When we first got to Paris back in June, many folks made reference to shops closing during August to allow for vacations. Having been to Europe dozens of times before, I was certainly aware of the practice – which enables shop owners to fully close their businesses (of all types) and escape the city for 2-4 weeks. The French (and some other European countries as well) greatly value taking time off – so much so that they’ll ignore the income for upwards of four weeks or more to benefit from the vacation instead.
But as a visitor to the city, it’s likely hard to appreciate just how many businesses/shops close. This is primarily because you don’t depend on them as a visitor to the city. You likely don’t have daily routines that are otherwise tied to a specific store being open. It may interrupt your dinner plans at a favorite restaurant during your trip, but likely not day to day activities.
About two weeks ago, the closures started in full force. Of course, many places of business here close at sprinkled times across the summer for a few weeks – but this was when the tidal wave of stores hit.
For us, that tidal came by way of our source of baguettes. And cheese. And meat. But mostly, the bread.
You know you’re in trouble as you approach a given store when you see from a distance a standard 8.5×11” sheet of paper with (typically) a hand-written note taped to the window.
The notes specify their date of return, which is when they will be open again. Most places seem to return the last week or August, or the first week of September – usually with a total of 2-4 weeks off (aout = August, juillet = July, also note that you don’t capitalize the month names in French):
This past week was definitely the peak though, due to the French national holiday of Assumption Day occurring back on Wednesday (more on that in the next day or two – it was incredible watching from our window). Thus many business that haven’t otherwise been closed took that as a queue to take the full week off as well:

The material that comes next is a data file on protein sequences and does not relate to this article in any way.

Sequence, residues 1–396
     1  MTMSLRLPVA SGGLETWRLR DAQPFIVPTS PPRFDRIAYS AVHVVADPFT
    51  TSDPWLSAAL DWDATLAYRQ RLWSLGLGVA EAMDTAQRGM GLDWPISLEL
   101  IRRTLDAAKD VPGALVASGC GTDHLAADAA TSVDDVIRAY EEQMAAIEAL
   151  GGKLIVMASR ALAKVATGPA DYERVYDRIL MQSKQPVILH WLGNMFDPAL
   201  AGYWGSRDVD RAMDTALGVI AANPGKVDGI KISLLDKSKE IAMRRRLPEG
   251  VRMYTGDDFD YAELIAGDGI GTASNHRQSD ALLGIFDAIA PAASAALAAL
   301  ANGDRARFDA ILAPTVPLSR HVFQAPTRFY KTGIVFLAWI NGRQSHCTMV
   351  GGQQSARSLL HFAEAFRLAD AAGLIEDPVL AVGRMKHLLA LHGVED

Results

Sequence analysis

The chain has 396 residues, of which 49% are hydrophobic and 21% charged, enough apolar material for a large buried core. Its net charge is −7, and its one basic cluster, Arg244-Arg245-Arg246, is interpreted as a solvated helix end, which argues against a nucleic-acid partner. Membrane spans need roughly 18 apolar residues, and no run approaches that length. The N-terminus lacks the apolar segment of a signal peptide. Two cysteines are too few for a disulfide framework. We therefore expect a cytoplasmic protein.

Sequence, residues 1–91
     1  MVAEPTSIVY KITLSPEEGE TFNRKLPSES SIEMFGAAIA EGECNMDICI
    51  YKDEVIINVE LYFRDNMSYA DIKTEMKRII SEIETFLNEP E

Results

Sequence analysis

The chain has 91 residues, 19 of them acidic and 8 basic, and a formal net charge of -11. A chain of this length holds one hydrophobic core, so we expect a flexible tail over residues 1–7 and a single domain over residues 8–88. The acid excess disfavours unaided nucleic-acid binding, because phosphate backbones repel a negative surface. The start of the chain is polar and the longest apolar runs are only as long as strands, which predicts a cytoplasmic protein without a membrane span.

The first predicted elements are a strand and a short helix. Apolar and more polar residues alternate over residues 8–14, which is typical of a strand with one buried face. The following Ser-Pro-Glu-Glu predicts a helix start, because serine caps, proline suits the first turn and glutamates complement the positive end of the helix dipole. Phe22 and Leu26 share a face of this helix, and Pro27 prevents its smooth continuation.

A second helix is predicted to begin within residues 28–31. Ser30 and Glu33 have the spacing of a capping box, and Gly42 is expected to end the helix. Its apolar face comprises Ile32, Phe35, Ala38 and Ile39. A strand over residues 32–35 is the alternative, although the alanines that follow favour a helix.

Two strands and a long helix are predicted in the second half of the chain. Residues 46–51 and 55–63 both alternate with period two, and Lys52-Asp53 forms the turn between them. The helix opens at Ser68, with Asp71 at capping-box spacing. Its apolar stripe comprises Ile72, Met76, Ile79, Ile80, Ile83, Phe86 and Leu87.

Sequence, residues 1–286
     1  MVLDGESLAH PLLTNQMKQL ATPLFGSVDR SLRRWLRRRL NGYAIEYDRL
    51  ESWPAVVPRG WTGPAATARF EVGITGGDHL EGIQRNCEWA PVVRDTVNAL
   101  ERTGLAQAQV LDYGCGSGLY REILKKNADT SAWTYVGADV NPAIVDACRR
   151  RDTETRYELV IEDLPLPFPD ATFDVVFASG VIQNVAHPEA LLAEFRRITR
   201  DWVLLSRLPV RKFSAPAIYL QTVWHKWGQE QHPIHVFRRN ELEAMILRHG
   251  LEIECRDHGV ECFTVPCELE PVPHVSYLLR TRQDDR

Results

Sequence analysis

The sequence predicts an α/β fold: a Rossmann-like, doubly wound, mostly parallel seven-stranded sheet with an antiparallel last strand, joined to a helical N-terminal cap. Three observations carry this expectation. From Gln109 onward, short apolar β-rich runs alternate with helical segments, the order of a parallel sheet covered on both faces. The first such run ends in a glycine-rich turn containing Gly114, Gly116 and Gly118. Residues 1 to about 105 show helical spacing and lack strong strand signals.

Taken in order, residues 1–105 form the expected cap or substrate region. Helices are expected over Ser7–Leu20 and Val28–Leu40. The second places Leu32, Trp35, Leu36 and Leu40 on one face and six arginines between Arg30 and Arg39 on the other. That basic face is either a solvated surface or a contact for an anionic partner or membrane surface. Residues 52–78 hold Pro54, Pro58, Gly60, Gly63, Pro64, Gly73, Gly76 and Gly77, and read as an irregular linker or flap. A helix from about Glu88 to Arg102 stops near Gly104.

As for our baguettes, we’ve had to turn to the backup baguette place instead. Distance wise it’s roughly the same – only about a 100 yards away from our place, but the quality isn’t quite as good. Plus, our main place is located at an outdoor market that’s normally teaming with open shops (much less busy now). Most of the static storefronts that line up behind the tents are now closed up until later this month:
Above, you can see (left to right) the delicatessen shop (Charcuterie, sorta like the store-made things you’d find the in fresh counters at Whole Foods), the cheese shop (Fromager), the wine shop (Vins), and the bakery (Le Boulanger). The fish shop (Poissonnerie) along with the Boucherie (Butcher) are to the left, also closed.
The cheese and wine guys did stay open until this past weekend, but have taken off the next week or so. Both of the guys that work in both of those shops are awesome – so we’ll forgive them.
On the bright side – we are trying out places that we otherwise might not have tried. For example tonight I got my baguette at a different bakery than even the backup bakery. Albeit simply because it just opened up after being closed since back in June.
Next year we’ll learn to just take off the time ourselves (we’re quick learners). Especially with the weather hitting 100*F today (I’m not going to convert that to Celsius – since it doesn’t matter – it was darn hot…and we don’t have A/C. Plus, it doesn’t sound at painful in Celsius as it does in Fahrenheit.).
Given the projected 101*F heat tomorrow, we’re spending the day at the beach. Well, the made-up sandy beach here in Paris anyway. Have a great remainder of your weekend everyone!